Fifty years after the death of Muslim cleric and anti-apartheid activist Imam Abdullah Haron, his grave and the mosque of which he was once at the helm have been declared Western Cape heritage sites.
But his family and foundation have one wish that has not yet been realised - answers to what happened the day he was killed while in police custody in 1969.
"We are keenly awaiting the minister of justice to announce the reopening of the inquest into the killing of Imam Haron," Iman Haron Foundation co-ordinator Cassiem Khan said.
"Many of the perpetrators involved in his killing may have passed on, but we want the record put straight in legal and historical records, as well as the imagination of people: it was murder."
Haron was killed on September 27, 1969. He was detained incommunicado for 123 days.
"The apartheid state got away with their version that he died of injuries sustained after falling down [a flight of] stairs. This is inconsistent with bruises and injuries to his body. No one was prosecuted for this - the inquest that followed at the time was a sham," Khan said.
"It is time for this process to be revisited and reviewed."
Lawyers representing the family and the foundation have been working with the National Prosecuting Authority, Khan said, and a trajectory specialist had been sent to establish what could have happened the day Haron died.
'Earth tremor shook all of Cape Town'
He hoped that an announcement would be made by the minister before September 27, which marks the end of their #Imam123Days campaign which sought to highlight the number of days Haron was imprisoned and interrogated, as well as the date he died.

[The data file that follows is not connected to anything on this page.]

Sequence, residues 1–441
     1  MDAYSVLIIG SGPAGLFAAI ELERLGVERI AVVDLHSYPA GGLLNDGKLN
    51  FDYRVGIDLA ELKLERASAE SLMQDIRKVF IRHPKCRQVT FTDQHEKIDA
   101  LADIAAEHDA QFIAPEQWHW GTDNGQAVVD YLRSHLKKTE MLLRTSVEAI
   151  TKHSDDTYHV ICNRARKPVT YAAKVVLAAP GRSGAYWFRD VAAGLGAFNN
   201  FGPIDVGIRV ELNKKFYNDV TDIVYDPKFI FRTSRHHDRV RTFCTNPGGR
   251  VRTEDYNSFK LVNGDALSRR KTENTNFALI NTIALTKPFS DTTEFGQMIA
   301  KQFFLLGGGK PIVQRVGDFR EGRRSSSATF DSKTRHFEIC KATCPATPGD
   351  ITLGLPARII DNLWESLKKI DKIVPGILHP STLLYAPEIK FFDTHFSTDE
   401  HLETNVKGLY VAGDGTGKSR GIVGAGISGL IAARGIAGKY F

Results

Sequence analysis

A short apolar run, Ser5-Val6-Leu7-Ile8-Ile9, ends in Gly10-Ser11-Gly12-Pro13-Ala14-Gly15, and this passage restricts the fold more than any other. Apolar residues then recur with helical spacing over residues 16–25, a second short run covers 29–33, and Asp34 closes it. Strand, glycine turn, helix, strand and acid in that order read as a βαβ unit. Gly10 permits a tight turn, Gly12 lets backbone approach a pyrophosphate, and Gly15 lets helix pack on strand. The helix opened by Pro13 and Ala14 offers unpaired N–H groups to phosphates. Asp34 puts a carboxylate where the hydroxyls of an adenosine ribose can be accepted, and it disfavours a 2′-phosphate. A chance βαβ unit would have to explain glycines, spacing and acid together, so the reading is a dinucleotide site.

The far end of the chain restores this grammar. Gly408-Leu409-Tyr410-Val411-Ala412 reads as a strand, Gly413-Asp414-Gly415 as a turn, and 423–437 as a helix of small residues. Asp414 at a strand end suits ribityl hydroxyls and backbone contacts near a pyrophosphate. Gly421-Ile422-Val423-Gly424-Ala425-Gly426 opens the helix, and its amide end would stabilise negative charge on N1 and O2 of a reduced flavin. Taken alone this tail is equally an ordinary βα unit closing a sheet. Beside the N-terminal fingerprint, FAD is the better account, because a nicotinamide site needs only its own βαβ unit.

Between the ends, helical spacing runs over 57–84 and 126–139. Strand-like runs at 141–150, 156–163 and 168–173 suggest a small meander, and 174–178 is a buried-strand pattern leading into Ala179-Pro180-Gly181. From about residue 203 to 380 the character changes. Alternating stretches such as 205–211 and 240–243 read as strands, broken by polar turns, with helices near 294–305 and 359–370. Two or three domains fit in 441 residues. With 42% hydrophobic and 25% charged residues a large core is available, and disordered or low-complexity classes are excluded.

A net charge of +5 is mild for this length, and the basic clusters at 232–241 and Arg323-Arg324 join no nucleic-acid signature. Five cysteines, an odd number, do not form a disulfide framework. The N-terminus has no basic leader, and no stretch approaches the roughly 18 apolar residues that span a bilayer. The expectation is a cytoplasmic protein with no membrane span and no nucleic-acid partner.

Heritage Western Cape on Monday gave Haron's gravesite, at the entrance of the Mowbray Muslim Cemetery in Cape Town, heritage status.
He was buried there on September 29, 1969.
"Present at the declaration was Muhammed Badr Hassen-Parker. He was 16 years old at the time and, upon request of his late father, he arranged for Imam Haron to be buried in this easily accessible prime space demarcated for their family," Khan said.
"The security police were in the graveyard, having dug a grave for Imam Haron in an obscure place. There was a genuine fear that the security police will come [that] night and rebury Imam Haron, but then [an] earth tremor shook all of Cape Town, with its epicentre in Tulbagh.
"It is for this reason that Imam Haron is always spoken about in relation to the tremor. Many continue to believe that the tremor took place because of the killing of Imam Haron."
The Al Jamia Masjid in Stegman Road, Claremont, has also been declared a heritage site.
"This mosque was the base of operations for Imam Haron for 15 years. It was here where he showed what it meant to transcend political, religious and racial barriers," Khan said.
"The mosque is over 100 years old, but the 15 years of Imam Haron at the helm was its golden era. We hope that the mosque and the gravesite will next be considered for national heritage status and placed on the liberation route."
Other sites, such as the Maitland Police Station where Haron's body was found, City and Suburban Rugby Stadium where his funeral service was held, his last home in Repulse Road, as well as the house in Claremont from which his family was evicted under the Group Areas Act, have also been identified by the foundation.
"We have certainly learnt a lot and wish to play a greater role in heritage declaration of spaces, particularly related to faith and the anti-colonial and anti-apartheid era struggles of our people. We would like to share our experiences with other families, groups and individuals," Khan said.
Seven years ago, the City of Cape Town also approved the renaming of a section of Lansdowne Road - between Turfhall and Palmyra roads - to Imam Haron Road.